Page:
Quebec's minority-language groups 'outraged' over Ontario's plan to scrap French university
There is concern in Quebec for minority language rights after the Ontario government cancelled plans to build the province’s first francophone university.
The announcement was buried at the bottom of an economic update Doug Ford’s Ontario budget Thursday -- the office of the French-language commissioner was abolished. So, too, was the plan to build the new French university in Toronto by 2020.
It's a question of money, the government said.
“The deficit is real; our debt is real,” said Ontario Finance Minister Vid Fedeli.
The previous Liberal government promised Ontario's 600,000-strong francophone community the university.
The province has French community colleges and a bilingual university, but no university francophones can call their own.
Reactions in Quebec were swift.
“Everybody was excited about having a francophone university in Toronto,” said Quebec MNA Kathleen Weil, the Liberal opposition critic for Canadian relations.
“The Quebec Liberal Party is very, very preoccupied with what clearly is a setback and there's nothing to be gained, in our opinion, by reducing, if you will, the offering to francophones in the rest of Canada,” she said.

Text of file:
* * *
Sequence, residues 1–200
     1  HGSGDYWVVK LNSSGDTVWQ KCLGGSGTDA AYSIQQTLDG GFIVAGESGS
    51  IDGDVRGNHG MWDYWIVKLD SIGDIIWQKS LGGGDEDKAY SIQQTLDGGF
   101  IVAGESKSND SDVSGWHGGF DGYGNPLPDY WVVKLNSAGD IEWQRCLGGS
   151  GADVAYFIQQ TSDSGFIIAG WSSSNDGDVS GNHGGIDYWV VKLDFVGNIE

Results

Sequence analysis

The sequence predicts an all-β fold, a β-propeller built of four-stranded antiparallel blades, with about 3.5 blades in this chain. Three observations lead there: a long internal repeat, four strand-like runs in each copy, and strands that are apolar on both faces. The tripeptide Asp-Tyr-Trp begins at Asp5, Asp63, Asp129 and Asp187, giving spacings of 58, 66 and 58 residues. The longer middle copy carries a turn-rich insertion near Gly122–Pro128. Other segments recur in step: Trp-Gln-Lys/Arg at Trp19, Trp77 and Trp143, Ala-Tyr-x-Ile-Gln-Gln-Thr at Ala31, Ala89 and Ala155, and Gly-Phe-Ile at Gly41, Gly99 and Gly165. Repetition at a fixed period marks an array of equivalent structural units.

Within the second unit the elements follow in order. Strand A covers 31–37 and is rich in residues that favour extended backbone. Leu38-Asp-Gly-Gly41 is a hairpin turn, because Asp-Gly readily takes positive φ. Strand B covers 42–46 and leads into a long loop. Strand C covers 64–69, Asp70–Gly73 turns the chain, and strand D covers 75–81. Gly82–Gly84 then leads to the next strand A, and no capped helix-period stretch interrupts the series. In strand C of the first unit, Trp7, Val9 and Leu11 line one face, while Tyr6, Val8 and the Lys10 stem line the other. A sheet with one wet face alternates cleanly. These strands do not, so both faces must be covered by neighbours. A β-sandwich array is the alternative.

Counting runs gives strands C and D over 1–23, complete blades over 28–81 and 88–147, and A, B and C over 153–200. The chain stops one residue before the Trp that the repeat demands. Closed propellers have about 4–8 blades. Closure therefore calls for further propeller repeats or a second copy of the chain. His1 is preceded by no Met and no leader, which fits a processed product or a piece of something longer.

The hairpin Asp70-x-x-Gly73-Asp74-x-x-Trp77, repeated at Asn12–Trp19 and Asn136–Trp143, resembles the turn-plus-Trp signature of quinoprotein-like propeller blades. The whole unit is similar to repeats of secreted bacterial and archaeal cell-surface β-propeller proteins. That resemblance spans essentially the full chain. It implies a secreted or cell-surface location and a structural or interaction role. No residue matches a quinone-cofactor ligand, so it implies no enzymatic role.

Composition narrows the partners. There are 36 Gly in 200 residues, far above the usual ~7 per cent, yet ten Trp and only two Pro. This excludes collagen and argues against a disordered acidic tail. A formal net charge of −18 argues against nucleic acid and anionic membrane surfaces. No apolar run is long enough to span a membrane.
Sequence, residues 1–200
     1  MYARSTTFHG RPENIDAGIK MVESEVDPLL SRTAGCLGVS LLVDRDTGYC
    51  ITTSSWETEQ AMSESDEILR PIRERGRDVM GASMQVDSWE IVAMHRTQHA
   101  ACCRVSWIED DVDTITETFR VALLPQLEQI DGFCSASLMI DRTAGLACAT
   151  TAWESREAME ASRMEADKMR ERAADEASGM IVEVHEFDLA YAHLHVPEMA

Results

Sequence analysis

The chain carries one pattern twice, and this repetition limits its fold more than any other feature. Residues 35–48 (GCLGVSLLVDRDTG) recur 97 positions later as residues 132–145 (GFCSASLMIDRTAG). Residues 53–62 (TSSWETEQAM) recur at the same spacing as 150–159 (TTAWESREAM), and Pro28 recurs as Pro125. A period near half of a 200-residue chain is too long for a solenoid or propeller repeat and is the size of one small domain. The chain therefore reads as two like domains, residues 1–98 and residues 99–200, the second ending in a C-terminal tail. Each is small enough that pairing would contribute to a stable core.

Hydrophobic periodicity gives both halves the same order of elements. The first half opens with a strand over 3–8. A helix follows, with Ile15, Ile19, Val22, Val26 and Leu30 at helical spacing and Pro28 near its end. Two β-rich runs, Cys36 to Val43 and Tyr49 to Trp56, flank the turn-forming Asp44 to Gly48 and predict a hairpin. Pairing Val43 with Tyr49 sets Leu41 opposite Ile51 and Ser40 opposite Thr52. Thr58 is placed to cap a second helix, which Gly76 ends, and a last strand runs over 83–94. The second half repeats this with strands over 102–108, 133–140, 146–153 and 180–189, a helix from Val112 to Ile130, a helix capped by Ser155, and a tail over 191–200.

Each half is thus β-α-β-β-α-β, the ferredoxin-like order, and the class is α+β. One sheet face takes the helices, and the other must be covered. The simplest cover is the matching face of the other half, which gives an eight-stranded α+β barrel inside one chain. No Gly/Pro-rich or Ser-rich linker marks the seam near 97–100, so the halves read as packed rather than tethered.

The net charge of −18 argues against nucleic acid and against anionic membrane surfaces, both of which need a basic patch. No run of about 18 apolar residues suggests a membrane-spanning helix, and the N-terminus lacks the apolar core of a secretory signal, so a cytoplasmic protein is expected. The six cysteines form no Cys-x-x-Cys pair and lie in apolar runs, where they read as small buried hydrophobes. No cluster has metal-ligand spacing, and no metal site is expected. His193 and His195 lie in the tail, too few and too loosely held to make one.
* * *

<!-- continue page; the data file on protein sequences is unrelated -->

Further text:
Premier Francois Legault already indicated he wants to have a discussion with Premier Doug Ford on the issue when they meet next Monday.
The move is not good for linguistic minorities across Canada, including Quebec, said Geoffrey Chambers, head of the Quebec anglophone rights group Quebec Community Groups Network.
“We're very discouraged, disappointed and actually, somewhat outraged,” he said. “Any time our brothers and sisters are put in a weaker situation, it's bad for the overall climate of linguistic peace and growth of structures that makes linguistic peace more possible and achievable.”
Twenty years ago, the Ontario government announced it would close the province's only French-speaking hospital in Ottawa, but backed down in the face of opposition by the francophone minority.
For the PQ, there's a sense of deja-vu.
“Canada moves in a direction that is not good for francophones,” said interim PQ leader Pascal Berube. “I wish that the francophones in Ontario could have the same support that the anglophones of Quebec have right now. We have three universities in Quebec. We have hospitals. We have services. We have great relationships with anglophones in Quebec.”
The Ontario government, though, said its decision wouldn't have that much of an effect on Franco-Ontarians.
“There are ten post-secondary institutions and 300 French programs that are available to them in Ontario,” said Fedeli.